A Just Enough Support approach helps support staff, people with disabilities, and their families.
It thinks about the combination and integration of various supports to provide a happy and safe life for people.
The UNITI-Chorus building is one of the first of its kind in Canada. The support agency and its partners developed a community for people with and without disabilities. The building also serves as a proof of concept for the Just Enough Support model in Canada.
Partnering with developers to create inclusive housing options
Community Living Toronto creates supportive housing for people with a developmental disability.
It is done through partnership agreements with local for-profit and not-for-profit developers and landlords. These agreements are used to secure a number of apartments in existing or new buildings.
Traditionally Community Living Toronto had offered housing through group homes spread throughout the city. However, the:
- homes were in need of significant repair and no longer met the needs of their occupants
- group home model isn’t considered inclusive by much of the disability community
- group home model isn’t aligned with a rights-based approach to disability supports
To address this, Community Living Toronto partnered with developers to provide units to:
- their current group home residents
- others with a developmental disability
Tenants live alone or with chosen roommates in multi-bedroom apartments. All tenants receive some form of paid supports through Community Living Toronto. The support (from minimal to significant) varies with each living arrangements and is provided by staff who are already familiar to the tenants. Rents are set at 80% of market rates or are geared to income.
Community Living Toronto now has active partnership agreements in 3 buildings, offering 46 apartments for 76 tenants with a developmental disability.
Buildings that used to be for people without disabilities have now transformed to buildings for people with and without disabilities. Community Living Toronto has transitioned from providing group home housing to facilitating independent living in the community.
Opportunities for Replication and Scale
Based on the case studies, there are a number of aspects to this demonstration project that could be replicated throughout Canada. This would increase the number of innovative inclusive housing options for people with a developmental disability.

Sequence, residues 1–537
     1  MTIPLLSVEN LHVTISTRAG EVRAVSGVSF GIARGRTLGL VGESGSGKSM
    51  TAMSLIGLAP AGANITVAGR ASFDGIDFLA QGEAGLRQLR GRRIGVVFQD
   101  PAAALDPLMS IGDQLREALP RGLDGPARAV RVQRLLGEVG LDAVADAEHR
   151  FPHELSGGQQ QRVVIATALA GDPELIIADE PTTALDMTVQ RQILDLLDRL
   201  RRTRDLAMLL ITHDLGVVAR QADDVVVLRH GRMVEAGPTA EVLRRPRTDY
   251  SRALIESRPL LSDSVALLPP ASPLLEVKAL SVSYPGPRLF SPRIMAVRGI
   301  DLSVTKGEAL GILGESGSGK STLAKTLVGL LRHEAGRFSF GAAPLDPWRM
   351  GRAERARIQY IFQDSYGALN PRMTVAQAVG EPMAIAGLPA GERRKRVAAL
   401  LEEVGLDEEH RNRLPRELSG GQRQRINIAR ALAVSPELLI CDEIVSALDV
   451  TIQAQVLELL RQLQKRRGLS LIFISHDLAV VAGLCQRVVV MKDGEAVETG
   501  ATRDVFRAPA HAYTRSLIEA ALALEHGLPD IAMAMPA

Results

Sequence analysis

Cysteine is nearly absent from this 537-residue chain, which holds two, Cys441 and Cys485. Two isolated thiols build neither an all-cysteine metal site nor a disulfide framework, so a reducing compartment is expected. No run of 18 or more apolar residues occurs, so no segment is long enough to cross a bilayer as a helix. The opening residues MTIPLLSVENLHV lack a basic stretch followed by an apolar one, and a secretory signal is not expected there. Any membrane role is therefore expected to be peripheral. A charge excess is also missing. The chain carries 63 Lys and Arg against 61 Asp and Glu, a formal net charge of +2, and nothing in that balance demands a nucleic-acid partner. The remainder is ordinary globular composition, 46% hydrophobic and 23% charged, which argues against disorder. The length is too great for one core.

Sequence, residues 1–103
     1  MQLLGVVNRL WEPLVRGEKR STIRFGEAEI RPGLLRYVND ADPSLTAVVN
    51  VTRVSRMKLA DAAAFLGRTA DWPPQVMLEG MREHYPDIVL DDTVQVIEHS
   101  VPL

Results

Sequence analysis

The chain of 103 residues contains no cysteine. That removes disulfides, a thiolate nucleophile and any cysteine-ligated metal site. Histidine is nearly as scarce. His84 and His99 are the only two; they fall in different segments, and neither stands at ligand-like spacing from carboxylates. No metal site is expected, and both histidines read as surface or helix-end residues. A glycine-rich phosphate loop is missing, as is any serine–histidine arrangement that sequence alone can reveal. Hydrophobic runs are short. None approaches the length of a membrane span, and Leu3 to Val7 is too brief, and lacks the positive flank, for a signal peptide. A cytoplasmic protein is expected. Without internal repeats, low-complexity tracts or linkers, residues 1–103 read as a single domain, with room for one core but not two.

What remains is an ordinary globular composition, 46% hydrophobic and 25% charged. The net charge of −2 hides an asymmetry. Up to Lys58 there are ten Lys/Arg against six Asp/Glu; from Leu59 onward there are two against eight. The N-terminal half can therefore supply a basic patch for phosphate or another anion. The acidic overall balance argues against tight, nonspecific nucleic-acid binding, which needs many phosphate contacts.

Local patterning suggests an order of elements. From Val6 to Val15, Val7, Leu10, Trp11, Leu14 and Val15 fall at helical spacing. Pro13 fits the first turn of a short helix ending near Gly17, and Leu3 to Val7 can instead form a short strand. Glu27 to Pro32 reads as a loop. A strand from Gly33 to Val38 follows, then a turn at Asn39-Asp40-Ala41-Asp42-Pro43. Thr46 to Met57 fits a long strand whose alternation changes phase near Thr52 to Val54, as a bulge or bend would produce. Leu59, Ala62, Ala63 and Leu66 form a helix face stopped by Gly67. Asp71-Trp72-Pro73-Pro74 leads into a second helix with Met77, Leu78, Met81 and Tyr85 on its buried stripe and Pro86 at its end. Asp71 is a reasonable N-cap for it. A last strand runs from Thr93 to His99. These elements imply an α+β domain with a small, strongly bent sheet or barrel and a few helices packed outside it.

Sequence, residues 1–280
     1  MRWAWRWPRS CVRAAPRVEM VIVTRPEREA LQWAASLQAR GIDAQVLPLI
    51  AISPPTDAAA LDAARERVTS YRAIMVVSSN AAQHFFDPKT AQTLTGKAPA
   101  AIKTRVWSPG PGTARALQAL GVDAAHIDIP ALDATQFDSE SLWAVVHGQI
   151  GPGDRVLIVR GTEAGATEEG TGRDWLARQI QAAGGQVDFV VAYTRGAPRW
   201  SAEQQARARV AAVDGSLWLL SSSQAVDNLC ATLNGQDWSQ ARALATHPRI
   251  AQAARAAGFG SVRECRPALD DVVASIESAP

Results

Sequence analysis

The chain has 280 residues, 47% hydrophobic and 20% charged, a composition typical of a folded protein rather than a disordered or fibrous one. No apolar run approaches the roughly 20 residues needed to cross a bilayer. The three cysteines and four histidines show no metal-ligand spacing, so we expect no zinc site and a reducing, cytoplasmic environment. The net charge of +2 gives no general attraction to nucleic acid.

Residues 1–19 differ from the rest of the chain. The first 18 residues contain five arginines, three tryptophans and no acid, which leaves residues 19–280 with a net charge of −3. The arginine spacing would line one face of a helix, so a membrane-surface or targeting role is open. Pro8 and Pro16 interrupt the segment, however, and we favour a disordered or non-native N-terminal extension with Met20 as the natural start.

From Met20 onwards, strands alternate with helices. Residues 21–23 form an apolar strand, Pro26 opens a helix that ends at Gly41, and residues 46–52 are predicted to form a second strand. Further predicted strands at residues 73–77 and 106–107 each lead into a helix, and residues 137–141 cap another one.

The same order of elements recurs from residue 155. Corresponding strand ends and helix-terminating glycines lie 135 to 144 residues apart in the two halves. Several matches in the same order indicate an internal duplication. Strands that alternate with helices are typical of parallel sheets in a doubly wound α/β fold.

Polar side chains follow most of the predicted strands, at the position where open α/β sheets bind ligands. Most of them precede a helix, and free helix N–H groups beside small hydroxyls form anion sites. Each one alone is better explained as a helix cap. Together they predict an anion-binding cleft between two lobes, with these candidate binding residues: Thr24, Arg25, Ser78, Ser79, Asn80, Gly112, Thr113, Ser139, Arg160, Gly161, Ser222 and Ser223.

- Using a corporation to purchase a home on behalf of a person with a developmental disability is a positive “workaround”. It removes the barrier of legally obtaining a mortgage and it keeps the purchased homes in the chosen community. They are dedicated to people with developmental disabilities even after the current tenant has moved out.
- Community Living Toronto’s approach of partnering with housing developers is relatively cost neutral and risk free to the organization. This is when it is compared to direct development or purchasing units. Community Living Toronto has replicated the model twice in different areas of the city and with different types of developers/landlords. This demonstrates there is flexibility to tailor this approach to the individual needs of an organization and its residents.
- Partnerships can be leveraged to include units for people with a developmental disability, including areas with historically low vacancy rates. The key is patience and long-term relationship building. With or without assets or development capacity, Canadian organizations can obtain inclusive affordable housing for people with a developmental disability.
Many support agencies throughout Canada have group home properties that could be repurposed or sold to purchase land or buildings. This is particularly true in more urban areas where land and house prices are high. A dense population could support rental or condominium apartment buildings.
UNITI-Chorus has been able to develop an inclusive community where people with a developmental disability can thrive. The organization has accomplished this without significant previous development experience and limited government funding.
Other organizations could be able to accomplish something similar.
Project Collaborators / Partners:
People First of Canada,
Brockville and District Association for Community Involvement,
Community Living Toronto,
Institute for Research and Development on Inclusion and Society (IRIS),
Semiahmoo House Society
Get More Information:
- Contact CMHC at email@example.com
- Visit the National Housing Strategy’s Innovation and Research Section